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  The Life Cycle of Butterflies (3rd Edition)
Grades 13
The Life Cycle of Butterflies unit introduces students to the concepts of life cycles by inviting them to investigate one organism—the painted lady butterfly (Vanessa cardui) for eight weeks. As students care for the caterpillars and butterflies, they observe, record, and describe in words and drawings the metamorphosis from caterpillar to chrysalis and from chrysalis to butterfly. In many cases, students will get to see a butterfly lay eggs. Some butterflies will die natural deaths, completing students’ observations of the life cycle. Through these investigations, students will understand that the term “cycle” implies continuity and that life cycles exist for all living organisms. This experience deepens their understanding of the diversity and complexity of life on earth.

Benefits of using this kit:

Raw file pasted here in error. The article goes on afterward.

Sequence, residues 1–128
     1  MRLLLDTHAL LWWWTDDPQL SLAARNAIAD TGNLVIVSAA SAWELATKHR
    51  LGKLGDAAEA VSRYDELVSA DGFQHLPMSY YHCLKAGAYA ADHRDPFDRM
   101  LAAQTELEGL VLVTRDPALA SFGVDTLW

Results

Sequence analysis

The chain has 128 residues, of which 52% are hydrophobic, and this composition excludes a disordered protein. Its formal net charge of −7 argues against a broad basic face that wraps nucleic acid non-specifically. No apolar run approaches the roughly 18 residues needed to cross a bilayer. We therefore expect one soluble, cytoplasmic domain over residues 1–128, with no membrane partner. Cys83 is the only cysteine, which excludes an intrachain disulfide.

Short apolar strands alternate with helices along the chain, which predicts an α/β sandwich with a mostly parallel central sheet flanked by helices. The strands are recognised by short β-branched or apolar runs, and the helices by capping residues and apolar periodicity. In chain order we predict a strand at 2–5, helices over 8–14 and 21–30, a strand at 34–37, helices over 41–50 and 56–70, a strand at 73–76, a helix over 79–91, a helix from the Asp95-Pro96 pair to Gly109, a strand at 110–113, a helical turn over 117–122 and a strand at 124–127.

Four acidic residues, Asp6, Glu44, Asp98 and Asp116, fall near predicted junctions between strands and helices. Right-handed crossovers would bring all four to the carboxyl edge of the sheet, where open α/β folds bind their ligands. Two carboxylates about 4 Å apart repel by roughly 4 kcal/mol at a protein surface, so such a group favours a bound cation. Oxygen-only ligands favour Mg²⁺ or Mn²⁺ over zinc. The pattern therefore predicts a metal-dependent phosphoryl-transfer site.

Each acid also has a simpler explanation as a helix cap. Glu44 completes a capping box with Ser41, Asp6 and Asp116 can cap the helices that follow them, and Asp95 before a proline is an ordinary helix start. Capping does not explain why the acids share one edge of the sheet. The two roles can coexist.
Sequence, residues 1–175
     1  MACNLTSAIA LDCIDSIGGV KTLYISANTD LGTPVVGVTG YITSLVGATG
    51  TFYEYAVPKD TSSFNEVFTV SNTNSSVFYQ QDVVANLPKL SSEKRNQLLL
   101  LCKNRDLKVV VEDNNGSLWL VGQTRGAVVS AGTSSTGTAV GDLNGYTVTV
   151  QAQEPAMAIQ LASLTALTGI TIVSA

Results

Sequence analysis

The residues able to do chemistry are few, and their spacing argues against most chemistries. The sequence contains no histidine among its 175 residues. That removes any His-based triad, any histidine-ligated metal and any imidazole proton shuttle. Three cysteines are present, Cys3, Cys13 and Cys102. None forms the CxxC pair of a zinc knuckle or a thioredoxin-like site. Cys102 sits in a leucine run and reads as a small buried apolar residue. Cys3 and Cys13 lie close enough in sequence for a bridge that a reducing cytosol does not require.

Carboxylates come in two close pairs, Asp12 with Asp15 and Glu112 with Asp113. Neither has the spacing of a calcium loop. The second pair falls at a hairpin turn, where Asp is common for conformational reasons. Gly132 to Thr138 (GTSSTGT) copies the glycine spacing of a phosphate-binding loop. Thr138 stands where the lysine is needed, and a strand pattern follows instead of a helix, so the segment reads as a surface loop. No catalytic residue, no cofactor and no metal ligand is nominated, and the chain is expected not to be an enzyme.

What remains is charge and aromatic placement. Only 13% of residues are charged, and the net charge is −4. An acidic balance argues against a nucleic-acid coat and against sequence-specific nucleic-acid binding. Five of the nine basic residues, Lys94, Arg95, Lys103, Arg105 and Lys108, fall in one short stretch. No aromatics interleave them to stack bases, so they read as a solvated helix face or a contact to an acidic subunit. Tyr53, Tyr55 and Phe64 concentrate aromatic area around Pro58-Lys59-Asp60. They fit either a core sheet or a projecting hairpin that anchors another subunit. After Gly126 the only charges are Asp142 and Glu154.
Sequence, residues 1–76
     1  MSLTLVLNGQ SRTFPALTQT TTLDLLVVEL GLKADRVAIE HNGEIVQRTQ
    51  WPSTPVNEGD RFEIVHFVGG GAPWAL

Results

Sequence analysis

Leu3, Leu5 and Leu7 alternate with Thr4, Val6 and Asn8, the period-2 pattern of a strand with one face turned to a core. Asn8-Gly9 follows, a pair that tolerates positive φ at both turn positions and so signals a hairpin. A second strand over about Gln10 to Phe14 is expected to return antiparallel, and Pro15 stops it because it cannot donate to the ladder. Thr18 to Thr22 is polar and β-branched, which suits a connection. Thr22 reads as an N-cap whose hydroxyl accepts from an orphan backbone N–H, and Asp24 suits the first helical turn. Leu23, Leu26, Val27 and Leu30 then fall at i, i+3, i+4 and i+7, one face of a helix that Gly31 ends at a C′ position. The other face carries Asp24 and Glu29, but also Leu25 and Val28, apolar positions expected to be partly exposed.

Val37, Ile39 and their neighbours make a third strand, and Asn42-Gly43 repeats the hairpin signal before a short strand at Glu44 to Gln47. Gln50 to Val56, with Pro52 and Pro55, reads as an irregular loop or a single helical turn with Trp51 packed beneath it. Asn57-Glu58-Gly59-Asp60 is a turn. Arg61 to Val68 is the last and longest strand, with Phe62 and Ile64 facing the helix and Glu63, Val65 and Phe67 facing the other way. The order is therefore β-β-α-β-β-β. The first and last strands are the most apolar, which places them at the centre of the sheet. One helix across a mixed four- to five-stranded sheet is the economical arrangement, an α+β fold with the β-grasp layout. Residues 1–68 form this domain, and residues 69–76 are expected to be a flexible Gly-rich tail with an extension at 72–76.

STC kits contain all of the materials you’ll need to teach the unit
STC Program Units focus on building scientific and engineering habits of mind utilizing science and engineering practices within every lesson
Supplemental literacy pieces in the Teacher’s Guide, STC Literacy Series™, and KIDS DISCOVER connect classroom content to the real world
2-use kits and refurbishment sets provide enough materials for a second non-concurrent use

Lesson-by-Lesson Summary

In the first eight lessons of this unit, students focus on the caterpillar and chrysalis stages of the Painted Lady butterfly’s life. Lesson 1 is a pre-unit assessment in which students discuss what they already know about caterpillars and butterflies. They draw a picture of what they think a caterpillar looks like and how it might change into a butterfly. In Lesson 2, they welcome the caterpillars to the classroom. Students prepare the caterpillars’ food, which consists of the leaves of Malva neglecta, the roundleaved mallow. They learn how to care for the butterflies and observe the caterpillars under a hand lens.